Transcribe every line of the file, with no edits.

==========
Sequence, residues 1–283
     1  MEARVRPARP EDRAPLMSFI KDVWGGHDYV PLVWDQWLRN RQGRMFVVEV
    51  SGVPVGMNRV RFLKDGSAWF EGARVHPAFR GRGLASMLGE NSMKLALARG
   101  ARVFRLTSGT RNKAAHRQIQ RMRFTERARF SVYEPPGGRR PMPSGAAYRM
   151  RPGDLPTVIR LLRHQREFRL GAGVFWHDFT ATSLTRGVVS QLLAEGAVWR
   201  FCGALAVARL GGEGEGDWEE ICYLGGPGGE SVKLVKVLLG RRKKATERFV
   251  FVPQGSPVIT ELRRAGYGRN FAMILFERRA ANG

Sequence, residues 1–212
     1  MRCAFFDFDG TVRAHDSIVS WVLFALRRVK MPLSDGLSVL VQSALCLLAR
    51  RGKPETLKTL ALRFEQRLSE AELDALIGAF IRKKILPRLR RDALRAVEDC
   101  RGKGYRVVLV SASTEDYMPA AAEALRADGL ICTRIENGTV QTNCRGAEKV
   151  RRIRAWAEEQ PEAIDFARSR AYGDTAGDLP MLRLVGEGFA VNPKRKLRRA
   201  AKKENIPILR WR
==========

Sequence, residues 1–283
     1  MEARVRPARP EDRAPLMSFI KDVWGGHDYV PLVWDQWLRN RQGRMFVVEV
    51  SGVPVGMNRV RFLKDGSAWF EGARVHPAFR GRGLASMLGE NSMKLALARG
   101  ARVFRLTSGT RNKAAHRQIQ RMRFTERARF SVYEPPGGRR PMPSGAAYRM
   151  RPGDLPTVIR LLRHQREFRL GAGVFWHDFT ATSLTRGVVS QLLAEGAVWR
   201  FCGALAVARL GGEGEGDWEE ICYLGGPGGE SVKLVKVLLG RRKKATERFV
   251  FVPQGSPVIT ELRRAGYGRN FAMILFERRA ANG

Sequence, residues 1–212
     1  MRCAFFDFDG TVRAHDSIVS WVLFALRRVK MPLSDGLSVL VQSALCLLAR
    51  RGKPETLKTL ALRFEQRLSE AELDALIGAF IRKKILPRLR RDALRAVEDC
   101  RGKGYRVVLV SASTEDYMPA AAEALRADGL ICTRIENGTV QTNCRGAEKV
   151  RRIRAWAEEQ PEAIDFARSR AYGDTAGDLP MLRLVGEGFA VNPKRKLRRA
   201  AKKENIPILR WR